First, build trust and a good relationship between the clowns and the medical personnel: The medical team often saw Pallapupas assisting in medical procedures in the Hospital de Dia – distracting children when they were getting injections or lines put in. They were impressed by their level of professionalism, and by the fact that it made the nurses jobs easier (less anxiety, less attempts to put a line in because the child is relaxed/not moving). Staff saw that this approach could easily be transferred to a surgical setting
Take things slowly, be patient and keep talking: Initially the clowns just visited children as they were waiting for surgery. But they found that the moment of separation (as they were taken to surgery) was made worse, as the children had built relations with the clowns.
Follow your instincts and trust in your skills: One time, the medical team suggested that the clowns come into surgery too. They changed quickly and went in. It was a success.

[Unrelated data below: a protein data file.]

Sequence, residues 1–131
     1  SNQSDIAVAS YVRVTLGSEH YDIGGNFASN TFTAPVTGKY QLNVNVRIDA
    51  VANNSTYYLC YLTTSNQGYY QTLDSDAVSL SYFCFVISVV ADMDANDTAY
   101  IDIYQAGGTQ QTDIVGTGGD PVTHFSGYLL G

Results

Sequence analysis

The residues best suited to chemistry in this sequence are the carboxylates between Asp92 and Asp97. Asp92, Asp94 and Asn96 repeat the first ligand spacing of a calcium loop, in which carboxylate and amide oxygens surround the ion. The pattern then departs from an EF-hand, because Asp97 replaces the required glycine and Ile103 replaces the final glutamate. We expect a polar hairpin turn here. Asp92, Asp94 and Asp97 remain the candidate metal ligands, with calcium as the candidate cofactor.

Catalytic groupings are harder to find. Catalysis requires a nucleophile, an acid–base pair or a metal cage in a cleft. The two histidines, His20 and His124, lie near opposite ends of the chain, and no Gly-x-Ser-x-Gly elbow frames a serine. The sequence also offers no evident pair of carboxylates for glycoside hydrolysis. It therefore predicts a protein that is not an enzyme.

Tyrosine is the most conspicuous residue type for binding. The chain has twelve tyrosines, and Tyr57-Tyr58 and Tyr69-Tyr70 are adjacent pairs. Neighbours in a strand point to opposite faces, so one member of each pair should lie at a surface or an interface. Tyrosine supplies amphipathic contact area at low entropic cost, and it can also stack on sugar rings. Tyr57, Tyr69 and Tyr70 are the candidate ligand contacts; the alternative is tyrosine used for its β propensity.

Learn from your mistakes and ask questions - never go home with a question unanswered: The team focussed in on what needed to happen with each child using trial and error, hand in hand with the medical team. It didn't always go smoothly, but now they have a clear methodology that works for everybody.
The Pallapupas surgery programme was a total collaboration between medical team and the clowns, and this is very clear to see. It works because it grew organically, with trust and with time - and becasue everybody wants it to work.
I am a therapeutic clown and performer. Writing here is part of my wider practice and reflection on clowning as an (therapeutic) art form.